In a bid to drum up support on the campaign trail, the main opposition CHP has been making wild economic promises, and according to a recent survey, has managed to only convince a quarter of voters
A recently conducted poll has unveiled the public opinion about the economic promises made by the Republican People's Party (CHP) in the run-up to the forthcoming June elections. According to the results of the survey, which was launched by the CHP, 75 percent of the public considers the promises to be highly dubious.
The leader of the CHP, Kemal Kılıçdaroğlu, has taken center stage thanks to the populist election promises he has made as the elections draw near. Leaning on economic issues, Kılıçdaroğlu seems to be aiming to gain votes by addressing economic concerns. The CHP's promises vary from a significant increase in the minimum wage, reducing diesel prices to TL 1.5 ($0.60) as well as a poverty wage program for poor families, a family insurance project that aims to pay a certain amount to families with insufficient income.
But he appears to have failed to convince the public, who are calling into question the applicability of the promises, according to a recent poll revealing disbelief about the populist pledges. The results of the survey were reported in the media on Thursday.
It was unclear in the reports how many had participated in the survey and in which provinces it was conducted, but according to the results, while 47 percent believe increasing the minimum wage to 1, 500 TL is attractive, only 25 percent believe it can be realized once the CHP is elected. The proportion of those who have reservations about the pledge that every family will have over TL 720 per month is 75 percent. As to another striking promise made by the party as part of its election campaign, the reduction of diesel prices to TL 1.5, 25 percent of people don't believe is possible.
The main opposition party's pledges have already garnered the attention of experts, who previously expressed the opinion that they were unrealistic. Kılıçdaroğlu has been criticized for his party's exaggerated promises, with many economists explaining the hardships of actually turning the policies into practice and saying Kılıçdaroğlu is not capable of making the correct calculations. Despite a lack of belief that the CHP can stick to its promises once elected, Kılıçdaroğlu has stood by his promises and has not stepped back, trying in vain to convince critics that his calculations are well founded.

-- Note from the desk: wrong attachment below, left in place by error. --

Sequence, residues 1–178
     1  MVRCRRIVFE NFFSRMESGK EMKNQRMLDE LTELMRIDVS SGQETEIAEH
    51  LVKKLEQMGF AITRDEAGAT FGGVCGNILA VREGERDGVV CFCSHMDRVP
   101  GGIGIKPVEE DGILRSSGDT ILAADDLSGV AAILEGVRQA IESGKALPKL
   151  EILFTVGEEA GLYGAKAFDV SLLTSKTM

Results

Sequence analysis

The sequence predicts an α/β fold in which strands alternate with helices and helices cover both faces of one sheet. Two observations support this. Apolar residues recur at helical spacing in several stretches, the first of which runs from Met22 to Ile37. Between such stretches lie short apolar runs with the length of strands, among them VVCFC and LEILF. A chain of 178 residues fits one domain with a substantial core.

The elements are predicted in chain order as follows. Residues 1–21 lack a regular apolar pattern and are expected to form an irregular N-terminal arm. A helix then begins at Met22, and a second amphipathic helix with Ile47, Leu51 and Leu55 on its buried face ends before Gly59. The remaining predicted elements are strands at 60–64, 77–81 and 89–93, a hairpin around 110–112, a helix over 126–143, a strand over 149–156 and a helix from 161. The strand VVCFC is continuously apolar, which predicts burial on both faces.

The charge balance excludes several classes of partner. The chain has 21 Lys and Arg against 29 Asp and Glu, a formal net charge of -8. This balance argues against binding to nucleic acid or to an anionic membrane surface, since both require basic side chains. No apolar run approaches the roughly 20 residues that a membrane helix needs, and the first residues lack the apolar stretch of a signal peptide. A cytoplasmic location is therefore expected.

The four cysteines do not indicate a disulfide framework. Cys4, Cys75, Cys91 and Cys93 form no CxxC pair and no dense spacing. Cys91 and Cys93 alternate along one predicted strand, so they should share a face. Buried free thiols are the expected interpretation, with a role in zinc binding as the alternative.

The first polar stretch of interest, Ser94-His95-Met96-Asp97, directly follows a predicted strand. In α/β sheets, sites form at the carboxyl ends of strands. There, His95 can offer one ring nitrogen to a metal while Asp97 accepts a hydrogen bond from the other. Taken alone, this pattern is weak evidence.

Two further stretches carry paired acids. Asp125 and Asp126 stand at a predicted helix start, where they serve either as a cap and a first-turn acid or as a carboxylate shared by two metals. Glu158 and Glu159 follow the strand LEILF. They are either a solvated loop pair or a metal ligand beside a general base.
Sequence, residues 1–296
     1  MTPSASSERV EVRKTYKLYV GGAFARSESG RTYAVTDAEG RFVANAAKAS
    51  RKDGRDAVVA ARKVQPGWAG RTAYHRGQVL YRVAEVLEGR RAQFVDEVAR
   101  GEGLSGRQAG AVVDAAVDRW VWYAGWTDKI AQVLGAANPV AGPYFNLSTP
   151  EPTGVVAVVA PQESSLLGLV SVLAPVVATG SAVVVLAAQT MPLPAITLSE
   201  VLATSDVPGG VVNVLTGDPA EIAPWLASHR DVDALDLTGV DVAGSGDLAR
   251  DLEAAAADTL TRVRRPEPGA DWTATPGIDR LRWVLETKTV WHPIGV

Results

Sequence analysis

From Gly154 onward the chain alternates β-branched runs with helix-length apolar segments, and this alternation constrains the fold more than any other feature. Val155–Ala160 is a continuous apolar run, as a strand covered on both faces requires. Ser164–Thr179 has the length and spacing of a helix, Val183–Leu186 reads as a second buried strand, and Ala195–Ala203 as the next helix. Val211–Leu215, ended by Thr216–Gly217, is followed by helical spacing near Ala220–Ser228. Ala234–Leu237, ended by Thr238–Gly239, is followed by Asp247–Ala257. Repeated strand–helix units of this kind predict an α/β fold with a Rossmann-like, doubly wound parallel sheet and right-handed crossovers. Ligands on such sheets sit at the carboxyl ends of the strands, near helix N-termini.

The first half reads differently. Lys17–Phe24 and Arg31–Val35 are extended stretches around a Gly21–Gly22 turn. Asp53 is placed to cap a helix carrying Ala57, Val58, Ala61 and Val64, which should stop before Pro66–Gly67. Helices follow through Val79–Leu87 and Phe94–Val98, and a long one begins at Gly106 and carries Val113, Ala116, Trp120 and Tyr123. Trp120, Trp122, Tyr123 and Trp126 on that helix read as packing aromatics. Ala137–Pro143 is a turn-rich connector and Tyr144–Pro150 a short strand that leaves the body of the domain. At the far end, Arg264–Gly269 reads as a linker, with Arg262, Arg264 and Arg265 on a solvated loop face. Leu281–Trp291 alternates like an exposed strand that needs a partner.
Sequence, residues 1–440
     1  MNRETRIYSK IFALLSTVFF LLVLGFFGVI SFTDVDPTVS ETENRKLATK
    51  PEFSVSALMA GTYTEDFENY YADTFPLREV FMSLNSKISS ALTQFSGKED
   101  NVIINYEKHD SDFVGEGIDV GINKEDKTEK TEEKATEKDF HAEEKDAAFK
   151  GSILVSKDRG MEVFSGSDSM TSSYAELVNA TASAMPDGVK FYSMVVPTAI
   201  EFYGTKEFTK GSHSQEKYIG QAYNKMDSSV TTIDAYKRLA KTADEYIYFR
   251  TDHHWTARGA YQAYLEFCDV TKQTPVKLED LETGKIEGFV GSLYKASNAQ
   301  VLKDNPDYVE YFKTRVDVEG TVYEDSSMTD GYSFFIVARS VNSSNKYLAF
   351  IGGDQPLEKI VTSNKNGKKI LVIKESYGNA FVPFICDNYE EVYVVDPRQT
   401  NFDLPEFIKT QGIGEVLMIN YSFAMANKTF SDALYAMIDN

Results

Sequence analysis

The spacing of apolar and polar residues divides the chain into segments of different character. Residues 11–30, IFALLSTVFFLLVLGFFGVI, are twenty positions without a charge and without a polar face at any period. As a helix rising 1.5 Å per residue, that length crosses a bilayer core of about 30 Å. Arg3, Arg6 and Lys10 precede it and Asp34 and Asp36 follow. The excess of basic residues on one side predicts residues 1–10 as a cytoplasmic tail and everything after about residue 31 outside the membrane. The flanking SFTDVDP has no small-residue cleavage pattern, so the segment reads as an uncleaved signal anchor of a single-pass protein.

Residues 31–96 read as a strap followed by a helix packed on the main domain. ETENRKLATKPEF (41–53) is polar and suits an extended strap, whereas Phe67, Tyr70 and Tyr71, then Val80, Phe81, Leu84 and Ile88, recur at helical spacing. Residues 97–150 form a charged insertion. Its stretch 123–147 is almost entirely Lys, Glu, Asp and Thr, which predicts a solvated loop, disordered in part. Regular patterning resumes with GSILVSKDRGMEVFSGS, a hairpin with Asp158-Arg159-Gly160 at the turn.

Finance Minister Mehmet Şimşek, speaking after the CHP announced its election manifesto, said that if the CHP could provide just one-third of the financial resources necessary to realize its economic election promises, he will vote for the party.
Şimşek said the additional cost of increasing the minimum pension to TL 1,500 would amount to TL 37.5 billion, pointing out that this figure would double Turkey's current account deficit. He said the CHP "deserves a Nobel Prize" if it can explain how it will achieve these targets without exacerbating the current account deficit and dragging Turkey into a crisis. "We will neither deceive nor be deceived. We will not fall into the trap of populism," he added.
While the discussions over how the promises of the CHP can lead to a budget deficit lingers, a fresh promise regarding the educational field has triggered hot debates ahead of the elections. The CHP along with the Nationalist Movement Party (MHP) have recently promised they will appoint all those teacher candidates who weren't previously appointed. Education experts have found that promise not reliable at all.
According to data from the Ministry of Education, the deficit in teachers at schools is 110,000 while 50,000 are on the payroll without being part of the official staff.
The data reveals that, since there are 300,000 candidates who are seeking appointment, if they are all to be appointed this would cause redundancy, which would eventually lead to over 140,000 teachers being paid without even teaching.